VIDEO: Is the iPad Pro the Future of Computing?


Apple has announced its iPad Pro — a larger, more powerful tablet that is meant to appeal to the more professional user. In this brief, delightful video, our panel of experts discuss if the iPad Pro is going to be the thing that changes the popular perception of tablets from just "fun pads" to serious business machines.

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Jeff Somogyi
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Jeff Somogyi is constantly trying to come up with ways to surprise and delight audiences the world over. He takes humor seriously ... too seriously. (Honestly, we've never seen him laugh ... it's kinda creepy.)
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This must be some kind of joke. The conversation is happening as though tablets didn't even exist until Apple made this thing. Hell, in 2008 my HP 2500tx had a rotate and flip touch/stylus screen - arguably a tablet. 2-in-1's have been around for a long time now, are detachable, capable machines that can run a full OS, and are already used in business. These tablets haven't been a conversation because they are simply PCs that have a different, flexible form factor. Meanwhile we have a crippled "tablet" in the form of iPad, and now that Apple is taking a stab at making it useful are we having a conversation about making tablets as a segment useful? As for MSFT and tablets, when they reinvented their OS presentation specifically for the tablet/touch market (Windows 8), people blasted it and cried for their desktop back. So which one is it, folks? Windows 10 is actually a pretty good stab at both. Or, we can settle for iOS which is really good at nothing, especially copying Microsoft.
There isn't anything "Pro" about it. Adding a keyboard/stylus doesn't make it "Pro". As long as it's still using iOS it's more or less hobbled for enterprise and still aimed at consumer use.
Apple users have been hammering Microsoft for the Surface keyboard/stylus and now they want it. Call it what you will but MS is hitting it dead on with the Surface Pro line - that's a "Pro" tool.
What I've been wanting Apple to do over the last few years is to make the iPad into something that will make me throw my Mac away. Storage will still be an issue for years. However, they've got in the right direction by allowing developers to make larger apps with changes in the development platform. I'm not a cloud guy so I still need better local network backup solutions and I need the operating system to see my network files in a way that feels more like part of the OS. Not some bastardized solution, something that is part of the whole. A keyboard without a trackpad is strange. In order for that to work for long typing the cursor must be responsive in much the way it was in DOS. I haven't used it yet and am curious about if they've thought about these types of things. I really like the device but still have solid iPad/iPhone/Mac solutions for now. I'll definitely get one in the future.
Depends on who is using it and for what. As the Director of IT for a large high school here? I use a previous generation Ipad for out in the field troubleshooting and documenting work orders that go into the district. Combined with Google Docs and Evernote? It's an indispensable tool that streamlines what I need to do when I'm mobile. However, when I'm back in the office? I sit down at my venerable Windows PC and access the same apps there. Why? Better performance and a bigger screen that's easier on the eyes. Heck....I'm also convinced the clickety-clack keyboard will be around long after I stick Fido on the transporter for his vet appointment across town!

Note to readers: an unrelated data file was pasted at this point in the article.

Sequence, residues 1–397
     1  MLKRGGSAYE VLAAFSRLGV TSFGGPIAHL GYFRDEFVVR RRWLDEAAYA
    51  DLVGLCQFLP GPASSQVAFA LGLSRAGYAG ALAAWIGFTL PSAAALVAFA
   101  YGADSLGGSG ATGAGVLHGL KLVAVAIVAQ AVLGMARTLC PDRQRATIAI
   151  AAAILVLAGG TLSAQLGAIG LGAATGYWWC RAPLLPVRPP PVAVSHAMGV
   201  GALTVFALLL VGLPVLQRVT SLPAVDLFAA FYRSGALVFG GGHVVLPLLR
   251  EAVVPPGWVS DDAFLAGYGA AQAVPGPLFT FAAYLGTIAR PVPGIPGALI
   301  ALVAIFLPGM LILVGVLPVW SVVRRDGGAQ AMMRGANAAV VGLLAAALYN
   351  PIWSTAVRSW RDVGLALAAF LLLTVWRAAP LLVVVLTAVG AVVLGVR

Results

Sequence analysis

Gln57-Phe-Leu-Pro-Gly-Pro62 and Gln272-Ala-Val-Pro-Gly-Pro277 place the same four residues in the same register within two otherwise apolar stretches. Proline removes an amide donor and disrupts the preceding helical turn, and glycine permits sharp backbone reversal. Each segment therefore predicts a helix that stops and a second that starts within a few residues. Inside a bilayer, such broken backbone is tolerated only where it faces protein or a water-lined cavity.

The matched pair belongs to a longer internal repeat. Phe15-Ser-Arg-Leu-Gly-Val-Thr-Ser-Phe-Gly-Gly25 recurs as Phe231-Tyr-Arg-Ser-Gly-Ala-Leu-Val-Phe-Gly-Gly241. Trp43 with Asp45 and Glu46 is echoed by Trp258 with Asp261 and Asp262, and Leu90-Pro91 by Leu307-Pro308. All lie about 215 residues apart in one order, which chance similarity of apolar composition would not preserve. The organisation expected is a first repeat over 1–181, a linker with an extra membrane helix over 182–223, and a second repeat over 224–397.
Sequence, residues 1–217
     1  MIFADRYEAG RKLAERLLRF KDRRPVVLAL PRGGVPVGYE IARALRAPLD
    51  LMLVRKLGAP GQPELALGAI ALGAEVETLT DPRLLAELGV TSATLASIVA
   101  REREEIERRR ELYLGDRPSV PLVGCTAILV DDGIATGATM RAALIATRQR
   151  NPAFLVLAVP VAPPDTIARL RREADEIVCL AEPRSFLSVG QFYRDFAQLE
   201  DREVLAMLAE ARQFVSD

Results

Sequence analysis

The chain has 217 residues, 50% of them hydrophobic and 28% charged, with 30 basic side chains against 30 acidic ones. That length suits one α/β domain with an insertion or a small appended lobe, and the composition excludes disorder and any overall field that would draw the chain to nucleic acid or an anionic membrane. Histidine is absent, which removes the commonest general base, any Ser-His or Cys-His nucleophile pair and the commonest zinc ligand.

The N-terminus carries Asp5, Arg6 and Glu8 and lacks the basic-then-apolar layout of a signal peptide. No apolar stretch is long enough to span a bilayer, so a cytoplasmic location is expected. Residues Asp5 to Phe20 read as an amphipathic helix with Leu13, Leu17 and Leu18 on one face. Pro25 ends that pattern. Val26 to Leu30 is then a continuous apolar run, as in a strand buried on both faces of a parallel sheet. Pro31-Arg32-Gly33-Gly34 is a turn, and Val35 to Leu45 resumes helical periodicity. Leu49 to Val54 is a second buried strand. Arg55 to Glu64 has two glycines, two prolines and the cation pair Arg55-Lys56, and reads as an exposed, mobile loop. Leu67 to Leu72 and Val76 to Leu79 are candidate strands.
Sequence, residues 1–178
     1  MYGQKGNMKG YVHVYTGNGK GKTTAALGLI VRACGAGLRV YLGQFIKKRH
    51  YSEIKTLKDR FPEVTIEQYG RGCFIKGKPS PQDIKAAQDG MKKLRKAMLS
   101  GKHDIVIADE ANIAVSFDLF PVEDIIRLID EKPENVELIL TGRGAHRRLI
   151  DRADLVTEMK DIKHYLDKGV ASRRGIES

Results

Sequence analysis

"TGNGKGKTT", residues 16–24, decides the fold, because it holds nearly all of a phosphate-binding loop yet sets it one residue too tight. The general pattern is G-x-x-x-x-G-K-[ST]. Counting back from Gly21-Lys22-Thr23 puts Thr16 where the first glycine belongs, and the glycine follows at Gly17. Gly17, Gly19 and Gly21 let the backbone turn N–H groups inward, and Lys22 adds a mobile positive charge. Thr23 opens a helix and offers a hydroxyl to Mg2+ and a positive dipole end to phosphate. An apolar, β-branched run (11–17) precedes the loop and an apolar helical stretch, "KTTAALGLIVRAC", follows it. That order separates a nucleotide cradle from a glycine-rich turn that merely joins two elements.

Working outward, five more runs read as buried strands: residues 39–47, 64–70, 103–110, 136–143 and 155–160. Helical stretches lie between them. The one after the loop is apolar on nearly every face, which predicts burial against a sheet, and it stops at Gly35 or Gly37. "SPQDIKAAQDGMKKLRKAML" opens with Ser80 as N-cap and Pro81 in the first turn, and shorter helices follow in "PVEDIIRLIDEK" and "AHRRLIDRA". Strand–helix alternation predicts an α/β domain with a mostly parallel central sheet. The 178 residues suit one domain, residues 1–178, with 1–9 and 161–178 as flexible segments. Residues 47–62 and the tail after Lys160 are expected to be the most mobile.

The very fact that it will run a iOS makes me believe that the only business use it will get will be from users that would have used a regular iPad today. I don't think that more people will switch from a PC to an iPad pro. I assume it will take sales away from regular iPad.
I do think its advancing the conversation about using a tablet as a business device. Jeff nailed it by pointing out that adding some peripherals and its just as good as a traditional laptop. My offices executive team has started talking about this type of scenario but with surface pros.
I own several devices, use different OS's, and do a number of different tasks. So far from if apple is targeting the enterprise for business it's going to be a hard sell. A lot of corporate software still runs windows. Using hybrids, I enjoy the multiple inputs; using a pen, keyboard, mouse, or finger. I think when it comes down to it, it depends what you are using your device for. Maybe Apple will woe a big corporation and tailor an application or a software suite that streamlines a lot of their workflow. Numbers are what counts. But for me and my life and working environment, an Ipad pro is not a necessary part of my life. I think I would have been more inclined to buy it if they allow the full OS X to run in it. In addition, are they crazy to charge $169 for a keyboard with a cover?
I do most everything on iPad or iphone! Mac is seldom used. Usually when I don't want to watch what wife is watching and I go to Mac at desk and comfy chair!
Apple fan boy here... Will never buy a Surface, will never go back to using Windows - ever. Yes, I've drank the Kool-aid... I have been waiting forever for the Pro. BUT... Keynote, Numbers, Pages in iOS are still not nearly as good as they are in OS X, and that is a serious drawback (Microsoft Office is horrible software). I use Adobe Illustrator, Photoshop, and do 3D all day, with a trackpad/trackball/stylus. Seriously drooling over Pencil and the FREEDOM it will bring to my daily grind, but again there is NO high-end Illustrator, Photoshop, or 3D for iOS... it's a serious chink in the armor for us old dogs... the new kids won't care at all because they will grow up with the new stuff, and yes, of course they will knock us off the self in the process...